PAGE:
As you may be aware from an ITS email and technology news coverage, there has been an extensive security bug found in the OpenSSL cryptographic software library; this news was made public on Tuesday, April 8, 2014. The flaw allows private information, which is normally protected by encryption, to be exposed to attackers. This includes login and password information for affected systems amongst other things.
What does it mean for you?
Information Technology departments here at Northeastern University and across the world have been working to repair vulnerable systems since the flaw was announced. There is a general recommendation that passwords on systems which were affected should be changed. Mashable has compiled a good overview of systems that were vulnerable to this flaw.
It is important to note that you should not instantly change every password to every online resource you use. Take a measured approach and use the following criteria to determine if you need to change your passwords:
- You have high value accounts that have been identified as vulnerable. This includes financial websites and others which contain Personally Identifiable Information (PII). Examples would be online tax sites, banking sites etc.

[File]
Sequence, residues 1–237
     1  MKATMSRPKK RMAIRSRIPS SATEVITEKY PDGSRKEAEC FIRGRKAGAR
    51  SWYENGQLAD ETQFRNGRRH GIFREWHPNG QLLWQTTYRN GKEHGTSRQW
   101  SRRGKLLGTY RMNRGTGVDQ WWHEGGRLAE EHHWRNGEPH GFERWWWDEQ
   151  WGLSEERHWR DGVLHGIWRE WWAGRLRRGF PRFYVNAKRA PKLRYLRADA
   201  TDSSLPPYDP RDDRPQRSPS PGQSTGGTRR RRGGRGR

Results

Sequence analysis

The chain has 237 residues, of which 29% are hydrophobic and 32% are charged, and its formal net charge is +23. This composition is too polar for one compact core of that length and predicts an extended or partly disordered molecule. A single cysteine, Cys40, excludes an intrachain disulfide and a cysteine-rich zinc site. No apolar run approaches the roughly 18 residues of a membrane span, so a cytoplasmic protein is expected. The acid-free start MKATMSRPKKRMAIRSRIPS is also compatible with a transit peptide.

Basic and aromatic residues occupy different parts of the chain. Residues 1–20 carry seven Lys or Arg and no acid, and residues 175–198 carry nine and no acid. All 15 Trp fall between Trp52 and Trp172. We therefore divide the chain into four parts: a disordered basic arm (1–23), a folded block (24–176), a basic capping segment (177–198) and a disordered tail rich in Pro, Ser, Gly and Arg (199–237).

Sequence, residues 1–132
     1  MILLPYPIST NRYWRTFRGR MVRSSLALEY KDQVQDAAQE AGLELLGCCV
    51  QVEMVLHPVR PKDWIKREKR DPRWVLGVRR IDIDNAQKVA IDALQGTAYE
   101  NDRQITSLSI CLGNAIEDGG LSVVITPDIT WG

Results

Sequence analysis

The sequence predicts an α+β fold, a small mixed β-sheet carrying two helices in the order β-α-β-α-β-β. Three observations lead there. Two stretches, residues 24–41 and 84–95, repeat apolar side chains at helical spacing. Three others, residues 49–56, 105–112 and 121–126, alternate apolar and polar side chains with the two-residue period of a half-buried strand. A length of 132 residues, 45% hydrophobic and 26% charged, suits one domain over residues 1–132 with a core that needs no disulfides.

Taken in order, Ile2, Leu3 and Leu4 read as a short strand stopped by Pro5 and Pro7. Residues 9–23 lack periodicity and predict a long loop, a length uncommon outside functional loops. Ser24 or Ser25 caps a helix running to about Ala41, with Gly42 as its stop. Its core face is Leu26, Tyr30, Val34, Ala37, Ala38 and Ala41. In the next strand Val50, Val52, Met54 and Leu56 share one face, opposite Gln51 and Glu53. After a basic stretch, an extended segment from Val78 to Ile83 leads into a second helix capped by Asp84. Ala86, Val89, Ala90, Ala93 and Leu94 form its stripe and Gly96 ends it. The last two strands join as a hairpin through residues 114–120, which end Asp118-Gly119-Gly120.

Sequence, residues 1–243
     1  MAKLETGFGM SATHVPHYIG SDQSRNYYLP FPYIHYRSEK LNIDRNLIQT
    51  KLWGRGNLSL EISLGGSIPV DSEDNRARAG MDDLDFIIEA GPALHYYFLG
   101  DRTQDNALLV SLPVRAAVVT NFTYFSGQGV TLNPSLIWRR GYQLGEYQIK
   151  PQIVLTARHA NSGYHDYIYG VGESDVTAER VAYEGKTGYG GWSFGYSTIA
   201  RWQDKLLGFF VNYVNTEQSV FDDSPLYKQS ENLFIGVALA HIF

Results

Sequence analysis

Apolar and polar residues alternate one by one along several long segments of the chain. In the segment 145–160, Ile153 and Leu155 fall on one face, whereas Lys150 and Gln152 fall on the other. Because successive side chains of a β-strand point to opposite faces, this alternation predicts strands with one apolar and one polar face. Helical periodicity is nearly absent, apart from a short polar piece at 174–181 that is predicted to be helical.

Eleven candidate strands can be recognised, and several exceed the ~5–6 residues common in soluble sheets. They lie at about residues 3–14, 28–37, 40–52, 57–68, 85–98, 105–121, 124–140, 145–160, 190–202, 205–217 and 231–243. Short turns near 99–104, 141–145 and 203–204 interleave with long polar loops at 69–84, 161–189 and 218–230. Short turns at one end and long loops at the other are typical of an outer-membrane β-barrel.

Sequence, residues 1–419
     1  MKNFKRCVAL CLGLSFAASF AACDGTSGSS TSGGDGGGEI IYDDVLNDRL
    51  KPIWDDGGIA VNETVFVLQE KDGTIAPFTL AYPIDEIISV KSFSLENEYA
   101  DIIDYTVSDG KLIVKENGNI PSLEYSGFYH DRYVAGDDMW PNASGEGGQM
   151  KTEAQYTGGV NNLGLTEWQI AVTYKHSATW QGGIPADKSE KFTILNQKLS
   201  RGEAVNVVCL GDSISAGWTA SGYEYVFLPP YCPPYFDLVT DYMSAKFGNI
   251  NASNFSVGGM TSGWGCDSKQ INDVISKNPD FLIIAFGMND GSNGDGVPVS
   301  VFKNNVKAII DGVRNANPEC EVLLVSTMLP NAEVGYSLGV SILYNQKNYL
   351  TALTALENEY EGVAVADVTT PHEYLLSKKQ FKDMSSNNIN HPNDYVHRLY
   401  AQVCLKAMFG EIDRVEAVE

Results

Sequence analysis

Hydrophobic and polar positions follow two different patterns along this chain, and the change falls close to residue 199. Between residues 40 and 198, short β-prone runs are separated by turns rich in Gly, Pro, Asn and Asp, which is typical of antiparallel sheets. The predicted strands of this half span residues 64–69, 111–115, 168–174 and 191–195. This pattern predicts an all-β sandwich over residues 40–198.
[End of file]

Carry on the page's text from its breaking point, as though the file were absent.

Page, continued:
- You have a habit of using the same Login and Password pair across multiple websites. Reuse of credential/password pairs is never a recommended practice as it increases the possibility that one compromised system could ultimately have wider reaching effects.
- You have accounts on web resources that have been confirmed to be vulnerable. The list from the Mashable link above only contains the top 1,000 sites. You should visit each resource and look for system announcements indicating their status.
- Any other account where you may have concern.
Other Issues to Address
In the coming weeks, it is vitally important that you have a heightened awareness regarding your different online accounts. Hackers and Internet criminals never pass up a good crisis. Expect to see spam and phishing emails in the future which claim your accounts have possibly been compromised due to Heartbleed and you need to reset your passwords immediately. Always reset your password by visiting the website directly, rather than clicking through in an email. If you have any doubts about the validity of emails, contact the service provider through a known phone number.
The following are resources to check if a website is still vulnerable to the Heartbleed bug. Note that this only determines the current status, not if it was previously vulnerable:
Symantec SSL Toolbox
Qualys SSL Labs Server test
Questions or concerns? Please contact the ITS Service Desk at 617.373.4357 (xHELP) or firstname.lastname@example.org.